By: A. Gomes
Each second that passes, innumerable actions are taken by different people, those of which have consequences, and shape the world as we know it.
But what if, every time you were faced with a choice, multiple paths were generated, and from there, parallel universes created? Whether it be from the 2018 movie “Spiderman: Into the Spider-Verse”, the Marvel show “Loki”, Doctor Who, or Star Trek, you’ve probably seen this idea be explored extensively in a not-so-scientific-nor-believable way. In these storylines, even the smallest of choices can have an enormous impact, with implications that us, the viewers, may see as an over exaggeration. I mean, in what parallel universe would a pig really turn into an incarnation of Spider-Man?
These doubts of course, are usually met with a shrug (or overly complicated explanations from die-hard fans), and you move on (unless, of course, you are talking to a die-hard fan) because it’s entertainment, and, who cares that much?
Still, what if there actually was an explanation? What if our life was not just one reality, but branches of infinite ones, constantly expanding in ways we will never get to see?
There is one such theory—the Many-World theory – which is surprisingly backed up by a handful of scientists. But if there is a reality where Peter Porker exists, how would that even be created?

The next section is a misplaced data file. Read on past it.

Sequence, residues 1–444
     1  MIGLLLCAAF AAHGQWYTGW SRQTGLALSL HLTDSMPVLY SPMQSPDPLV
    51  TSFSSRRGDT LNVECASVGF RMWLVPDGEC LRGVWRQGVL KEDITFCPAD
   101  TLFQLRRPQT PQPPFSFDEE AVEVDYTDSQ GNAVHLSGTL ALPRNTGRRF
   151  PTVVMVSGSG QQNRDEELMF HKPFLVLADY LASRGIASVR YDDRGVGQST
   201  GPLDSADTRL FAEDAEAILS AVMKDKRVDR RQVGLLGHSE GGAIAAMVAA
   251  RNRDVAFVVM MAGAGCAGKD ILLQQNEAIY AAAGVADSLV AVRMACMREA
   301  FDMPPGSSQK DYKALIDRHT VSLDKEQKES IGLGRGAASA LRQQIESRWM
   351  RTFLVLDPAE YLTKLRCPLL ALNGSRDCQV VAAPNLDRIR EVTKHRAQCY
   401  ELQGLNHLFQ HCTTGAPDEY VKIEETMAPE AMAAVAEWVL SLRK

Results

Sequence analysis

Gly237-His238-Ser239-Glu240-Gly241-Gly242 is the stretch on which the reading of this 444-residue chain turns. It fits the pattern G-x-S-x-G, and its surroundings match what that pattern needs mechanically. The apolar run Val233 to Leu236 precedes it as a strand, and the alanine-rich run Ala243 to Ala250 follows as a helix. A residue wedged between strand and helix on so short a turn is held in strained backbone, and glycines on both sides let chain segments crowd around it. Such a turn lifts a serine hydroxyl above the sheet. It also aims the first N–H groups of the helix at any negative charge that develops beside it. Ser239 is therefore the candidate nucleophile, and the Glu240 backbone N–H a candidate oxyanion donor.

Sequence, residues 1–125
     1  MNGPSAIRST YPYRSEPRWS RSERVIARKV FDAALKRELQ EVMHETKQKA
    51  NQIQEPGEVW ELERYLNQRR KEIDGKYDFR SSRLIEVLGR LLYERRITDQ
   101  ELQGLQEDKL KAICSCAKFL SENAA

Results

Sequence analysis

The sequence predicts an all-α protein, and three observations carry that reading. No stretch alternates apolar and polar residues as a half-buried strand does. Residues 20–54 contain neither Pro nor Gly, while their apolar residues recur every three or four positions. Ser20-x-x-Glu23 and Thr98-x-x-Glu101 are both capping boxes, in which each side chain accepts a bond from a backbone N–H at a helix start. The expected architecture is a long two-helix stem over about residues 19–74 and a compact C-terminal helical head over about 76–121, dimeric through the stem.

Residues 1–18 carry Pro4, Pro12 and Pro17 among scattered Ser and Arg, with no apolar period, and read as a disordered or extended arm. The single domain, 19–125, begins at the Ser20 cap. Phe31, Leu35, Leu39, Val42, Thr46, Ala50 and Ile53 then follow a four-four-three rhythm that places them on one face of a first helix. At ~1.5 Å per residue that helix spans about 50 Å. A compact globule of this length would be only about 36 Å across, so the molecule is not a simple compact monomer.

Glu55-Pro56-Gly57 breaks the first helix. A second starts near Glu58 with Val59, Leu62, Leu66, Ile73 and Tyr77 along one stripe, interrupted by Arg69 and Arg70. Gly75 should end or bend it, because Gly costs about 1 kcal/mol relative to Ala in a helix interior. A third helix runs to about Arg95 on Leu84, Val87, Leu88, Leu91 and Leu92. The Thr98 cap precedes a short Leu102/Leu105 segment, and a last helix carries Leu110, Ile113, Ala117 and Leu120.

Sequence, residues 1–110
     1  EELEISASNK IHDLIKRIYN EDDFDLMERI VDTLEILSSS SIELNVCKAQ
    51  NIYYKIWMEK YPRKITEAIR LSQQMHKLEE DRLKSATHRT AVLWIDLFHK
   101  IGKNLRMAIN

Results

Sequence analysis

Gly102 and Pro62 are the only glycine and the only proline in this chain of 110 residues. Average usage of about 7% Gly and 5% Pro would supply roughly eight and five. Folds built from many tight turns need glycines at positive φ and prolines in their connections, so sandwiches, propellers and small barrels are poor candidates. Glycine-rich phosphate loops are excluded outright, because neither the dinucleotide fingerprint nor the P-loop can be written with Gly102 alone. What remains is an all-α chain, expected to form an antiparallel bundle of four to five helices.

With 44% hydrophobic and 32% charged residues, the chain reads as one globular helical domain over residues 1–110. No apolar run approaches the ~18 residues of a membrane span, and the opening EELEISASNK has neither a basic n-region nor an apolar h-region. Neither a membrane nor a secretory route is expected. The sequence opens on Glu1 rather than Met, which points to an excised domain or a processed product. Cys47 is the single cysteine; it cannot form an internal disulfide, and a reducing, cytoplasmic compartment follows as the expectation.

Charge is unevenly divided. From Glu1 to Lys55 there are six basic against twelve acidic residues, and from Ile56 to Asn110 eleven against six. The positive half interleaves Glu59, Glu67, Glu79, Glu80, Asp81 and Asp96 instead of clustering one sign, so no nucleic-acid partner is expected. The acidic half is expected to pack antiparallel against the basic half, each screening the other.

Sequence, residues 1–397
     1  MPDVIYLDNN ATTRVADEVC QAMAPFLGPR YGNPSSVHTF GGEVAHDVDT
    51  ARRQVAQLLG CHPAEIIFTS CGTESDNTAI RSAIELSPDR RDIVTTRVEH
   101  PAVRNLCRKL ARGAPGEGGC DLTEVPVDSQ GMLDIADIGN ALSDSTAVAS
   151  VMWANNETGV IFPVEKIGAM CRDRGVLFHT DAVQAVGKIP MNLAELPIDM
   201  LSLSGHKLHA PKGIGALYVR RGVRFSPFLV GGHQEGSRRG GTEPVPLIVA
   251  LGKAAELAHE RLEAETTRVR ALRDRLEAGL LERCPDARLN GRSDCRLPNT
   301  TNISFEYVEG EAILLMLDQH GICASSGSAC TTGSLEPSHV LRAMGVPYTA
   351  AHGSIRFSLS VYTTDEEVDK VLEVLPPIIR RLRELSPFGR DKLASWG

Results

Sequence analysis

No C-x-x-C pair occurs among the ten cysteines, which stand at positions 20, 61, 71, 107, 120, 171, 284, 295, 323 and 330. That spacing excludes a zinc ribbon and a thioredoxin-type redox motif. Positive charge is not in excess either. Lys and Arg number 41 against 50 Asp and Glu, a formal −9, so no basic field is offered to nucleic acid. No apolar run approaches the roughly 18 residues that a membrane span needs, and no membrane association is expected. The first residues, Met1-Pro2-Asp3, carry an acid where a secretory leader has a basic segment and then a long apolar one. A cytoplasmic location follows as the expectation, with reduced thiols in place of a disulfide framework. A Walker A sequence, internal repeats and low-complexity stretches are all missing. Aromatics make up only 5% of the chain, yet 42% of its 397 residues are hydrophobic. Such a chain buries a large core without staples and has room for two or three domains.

The answer is simple (it’s really not). Through quantum mechanics.
One of the basic principles of quantum mechanics is that of waves of matter. In some instances, matter can behave both as a particle and as a wave. This is seen in electrons, which act as a wave orbiting around the nucleus of an atom. When observed, however, only one possibility of these waves can be seen, making the electron appear as a sub-atomic particle. This has usually been attributed to the wave function becoming a single reality, meaning all other possibilities cease to exist, but proponents of the many-world theory put forward the idea that there are parallel universes with different quantum outcomes of these observations. This forms branches of different universes that are almost exactly the same, or wildly different to the one we’re living in now.
Each instant, the world might branch out into near-infinite parallel realities, and we would never even know it.
This theory of course, does come with its flaws. For one, it stretches quantum mechanics to various extremes, which as you may have guessed, are not backed up by evidence. That is one of the main flaws of the theory—lack of evidence. Since we can never test theories about parallel universes, they can never be disproven, which is generally regarded as a “no-no” in the scientific community. It’s almost like a paradox in itself; we will never be able to find evidence to confirm it, nor any to deny these claims. There is also the question of whether there is even a point in knowing about other universes. These theories do not solve any real-life physics problems or paradoxes, and they end up complicating everyone’s lives, so should they even be explored?
We may never know if Spider-Ham truly does exist, but as far as I’m concerned, parallel realities make for great plots in movies, and who knows? Maybe one day I’ll get the chance to meet my favourite pig superhero.